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February 10, 2023

Turkey Updates KKDIK Registration Requirements

Bergeson & Campbell, P.C.

On February 3, 2023, the Turkish Ministry of Environment, Urbanization and Climate Change (MoEUCC) released new guidance on the registration requirements under the KKDIK regulation (Kimyasalların Kaydı, Değerlendirilmesi, İzni ve Kısıtlanması). As a result of this new guidance, providing importer information for the registration of a substance is now optional instead of mandatory, the chemical safety report (CSR) may be submitted in English, and there is additional time after the registration deadline to submit the Turkish translation. Additionally, the “Registrant Identity” and the “Registration Number” may now be claimed as confidential business information (CBI).


In effect since December 23, 2017, KKDIK is a hazard-based chemical regulatory framework that requires registration of chemicals manufactured or imported in quantities of one metric ton (mt) or more per year in Turkey. KKDIK is modeled after the European Union’s (EU) Registration, Evaluation, Authorization and Restriction of Chemicals (REACH) regulation. While still allowing for substance pre-registrations, KKDIK has been in its registration phase since January 1, 2022, with the registration deadline set for December 31, 2023. The substances are registered online, through the KKS information technology (IT) platform, which resembles the European Chemicals Agency’s (ECHA) REACH IT and IUCLID platforms.

Updates to the KKDIK Registration Requirements

Prior to this new guidance, registrants were required to identify at least one importer for every lead or co-registration dossier. Industry repeatedly expressed concern with this requirement, as it added additional burden with no apparent benefit and was not part of the EU construct.

Now, providing mandatory importer information is no longer a barrier to completing the registration. The Ministry encourages registrants or their Only Representatives (OR) to include importer information where possible but no longer includes it as a mandatory field in KKS. The OR must keep an up-to-date list of the importers and the tonnage covered for each of these importers, as well as the information on obtaining the latest update of the safety data sheet (SDS). All the relevant guidance documents will be updated to reflect these updates.

Industry also expressed concern about the requirement to submit a CSR translated into Turkish for every registration dossier at more than 10 mt per year. To many, this requirement would significantly delay the registration process. With the registration deadline rapidly approaching, the Ministry relented and announced that registrants now have the option of submitting the CSR in English. Registrants have up to an additional year after the December 31, 2023, deadline, to submit the Turkish translation. The Ministry does require that risk management measures be included in Turkish. The requirement to submit the information regarding robust study summaries in Turkish remains unchanged.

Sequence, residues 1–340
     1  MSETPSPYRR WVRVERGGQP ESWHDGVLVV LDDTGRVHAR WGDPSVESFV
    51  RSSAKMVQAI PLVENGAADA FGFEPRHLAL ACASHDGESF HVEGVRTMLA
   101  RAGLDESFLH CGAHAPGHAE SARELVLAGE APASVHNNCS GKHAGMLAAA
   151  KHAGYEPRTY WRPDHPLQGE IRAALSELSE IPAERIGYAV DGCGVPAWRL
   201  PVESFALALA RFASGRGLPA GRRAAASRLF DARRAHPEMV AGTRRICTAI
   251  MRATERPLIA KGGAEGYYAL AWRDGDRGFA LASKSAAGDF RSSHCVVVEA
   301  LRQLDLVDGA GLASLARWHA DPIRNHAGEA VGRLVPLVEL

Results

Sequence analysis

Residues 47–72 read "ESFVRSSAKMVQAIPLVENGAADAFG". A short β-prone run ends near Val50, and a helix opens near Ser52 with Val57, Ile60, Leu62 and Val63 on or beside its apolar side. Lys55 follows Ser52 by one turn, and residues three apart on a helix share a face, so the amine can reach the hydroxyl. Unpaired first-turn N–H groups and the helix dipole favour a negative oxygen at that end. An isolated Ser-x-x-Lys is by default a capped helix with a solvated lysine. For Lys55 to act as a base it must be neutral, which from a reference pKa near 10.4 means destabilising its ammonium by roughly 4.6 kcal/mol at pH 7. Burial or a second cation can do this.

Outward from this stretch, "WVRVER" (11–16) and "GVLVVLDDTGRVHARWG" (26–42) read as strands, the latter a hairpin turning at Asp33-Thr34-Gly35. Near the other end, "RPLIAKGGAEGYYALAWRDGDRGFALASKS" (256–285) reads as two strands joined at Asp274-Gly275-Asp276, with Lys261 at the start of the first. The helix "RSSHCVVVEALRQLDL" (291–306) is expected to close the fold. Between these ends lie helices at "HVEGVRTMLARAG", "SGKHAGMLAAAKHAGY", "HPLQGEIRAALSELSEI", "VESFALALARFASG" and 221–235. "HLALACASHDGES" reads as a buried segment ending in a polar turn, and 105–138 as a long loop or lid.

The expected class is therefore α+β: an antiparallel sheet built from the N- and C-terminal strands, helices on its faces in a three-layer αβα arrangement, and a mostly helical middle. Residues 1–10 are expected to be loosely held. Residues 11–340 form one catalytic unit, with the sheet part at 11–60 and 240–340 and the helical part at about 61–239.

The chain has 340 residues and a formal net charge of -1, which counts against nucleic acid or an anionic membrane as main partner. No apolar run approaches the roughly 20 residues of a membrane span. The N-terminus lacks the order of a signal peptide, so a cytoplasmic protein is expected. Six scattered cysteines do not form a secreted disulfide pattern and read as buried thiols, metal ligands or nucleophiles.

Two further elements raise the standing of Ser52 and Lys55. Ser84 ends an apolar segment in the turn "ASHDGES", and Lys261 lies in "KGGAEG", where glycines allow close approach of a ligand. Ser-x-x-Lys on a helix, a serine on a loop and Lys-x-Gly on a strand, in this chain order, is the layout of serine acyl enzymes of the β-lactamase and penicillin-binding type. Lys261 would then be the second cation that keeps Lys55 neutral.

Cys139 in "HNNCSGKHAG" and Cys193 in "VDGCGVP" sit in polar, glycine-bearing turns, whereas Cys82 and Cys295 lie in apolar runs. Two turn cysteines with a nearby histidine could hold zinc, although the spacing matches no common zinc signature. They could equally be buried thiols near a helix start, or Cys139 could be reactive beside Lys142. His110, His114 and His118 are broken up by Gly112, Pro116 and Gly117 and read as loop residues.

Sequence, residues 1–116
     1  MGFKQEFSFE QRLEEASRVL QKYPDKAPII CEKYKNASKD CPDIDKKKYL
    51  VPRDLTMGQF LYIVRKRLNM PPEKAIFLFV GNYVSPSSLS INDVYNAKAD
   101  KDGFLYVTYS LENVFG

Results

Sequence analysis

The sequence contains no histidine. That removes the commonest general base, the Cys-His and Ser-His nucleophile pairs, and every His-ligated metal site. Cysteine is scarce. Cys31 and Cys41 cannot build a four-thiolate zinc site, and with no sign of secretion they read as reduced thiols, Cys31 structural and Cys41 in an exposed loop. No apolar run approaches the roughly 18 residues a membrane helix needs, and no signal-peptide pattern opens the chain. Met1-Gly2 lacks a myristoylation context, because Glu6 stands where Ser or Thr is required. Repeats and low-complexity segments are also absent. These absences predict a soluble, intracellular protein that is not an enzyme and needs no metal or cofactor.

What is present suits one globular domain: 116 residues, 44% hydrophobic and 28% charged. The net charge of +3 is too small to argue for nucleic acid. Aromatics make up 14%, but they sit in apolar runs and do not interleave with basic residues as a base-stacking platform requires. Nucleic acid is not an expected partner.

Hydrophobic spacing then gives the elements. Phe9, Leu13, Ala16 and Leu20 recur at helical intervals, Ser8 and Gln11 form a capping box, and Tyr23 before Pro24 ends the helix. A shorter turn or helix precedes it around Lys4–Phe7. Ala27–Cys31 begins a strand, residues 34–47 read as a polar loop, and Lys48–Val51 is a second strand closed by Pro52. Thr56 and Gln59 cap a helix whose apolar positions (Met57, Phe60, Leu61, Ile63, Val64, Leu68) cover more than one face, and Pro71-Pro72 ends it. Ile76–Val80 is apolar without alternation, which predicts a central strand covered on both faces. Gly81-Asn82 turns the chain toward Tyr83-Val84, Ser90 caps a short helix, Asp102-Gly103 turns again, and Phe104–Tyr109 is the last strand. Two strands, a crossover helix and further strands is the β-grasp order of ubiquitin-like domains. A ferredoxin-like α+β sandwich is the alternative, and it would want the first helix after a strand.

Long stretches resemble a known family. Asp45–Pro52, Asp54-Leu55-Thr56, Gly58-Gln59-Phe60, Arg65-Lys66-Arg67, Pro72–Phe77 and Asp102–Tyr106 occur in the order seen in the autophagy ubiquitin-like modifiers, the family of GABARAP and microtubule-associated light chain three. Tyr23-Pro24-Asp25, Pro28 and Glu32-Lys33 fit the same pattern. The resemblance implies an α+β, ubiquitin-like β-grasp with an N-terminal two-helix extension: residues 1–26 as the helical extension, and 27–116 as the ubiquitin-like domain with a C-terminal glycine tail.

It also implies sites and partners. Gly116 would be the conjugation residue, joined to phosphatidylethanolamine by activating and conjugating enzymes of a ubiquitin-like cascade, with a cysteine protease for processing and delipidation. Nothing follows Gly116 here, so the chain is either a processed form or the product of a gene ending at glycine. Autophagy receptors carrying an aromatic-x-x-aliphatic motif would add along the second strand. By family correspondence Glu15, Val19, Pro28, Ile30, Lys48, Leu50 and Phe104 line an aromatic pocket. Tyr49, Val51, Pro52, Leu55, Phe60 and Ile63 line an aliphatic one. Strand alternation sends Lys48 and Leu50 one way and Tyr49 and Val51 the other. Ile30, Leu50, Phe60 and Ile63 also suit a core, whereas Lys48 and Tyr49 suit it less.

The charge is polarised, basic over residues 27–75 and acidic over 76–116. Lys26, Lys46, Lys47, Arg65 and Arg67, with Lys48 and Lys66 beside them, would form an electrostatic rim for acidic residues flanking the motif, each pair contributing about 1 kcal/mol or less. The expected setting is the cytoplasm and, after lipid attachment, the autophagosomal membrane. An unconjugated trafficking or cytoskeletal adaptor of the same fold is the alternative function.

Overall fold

Registrants or their ORs may now also claim Registrant Identity and Registration Number as CBI in the KKS IT system. These options were not available prior to the Ministry’s February 2023 announcement. The CBI claims must be substantiated in accordance with the template in KKS. Companies wishing to claim the Registrant Identity and/or Registration Number as CBI for the dossiers that are already submitted must initiate the KKDIK registration dossier update process. The CBI claims are subject to a fee.


These changes are a relief to stakeholders that were struggling to identify an importer and provide the level of detail the Ministry required well after the registration window opened. The requirement was delaying lead registration completion, as complex supply chains are seldom easily navigated.

The tight registration period of three years for all tonnage bands, laden with translation requirements, was also viewed as a significant roadblock to completing lead registrations. The elements of the CSR are often hundreds of pages, and translation of complex scientific details requires technical expertise and mastery of the Turkish language. Allowing an additional year should increase the volume of lead registration submissions.

The further alignment of KKS to include confidential fields that are common in EU tools was urged by technical experts in Turkey some time ago. The Ministry noted previously that it was considering many of the issues raised but took months to release the new guidance. With the deadline fast approaching and an estimate that only 25 percent of the lead registrations are complete, stakeholders welcome the changes but worry that the deadline may not be feasible. Failure to achieve the deadline could result in supply chain disruptions in a region that is implementing these complex regulations to further its bid for EU membership. In addition, supply chain disruption and adverse economic impacts are likely, due to ongoing domestic distress caused by the disruptions as the government deals with several tragic earthquakes and the impacts of upcoming elections.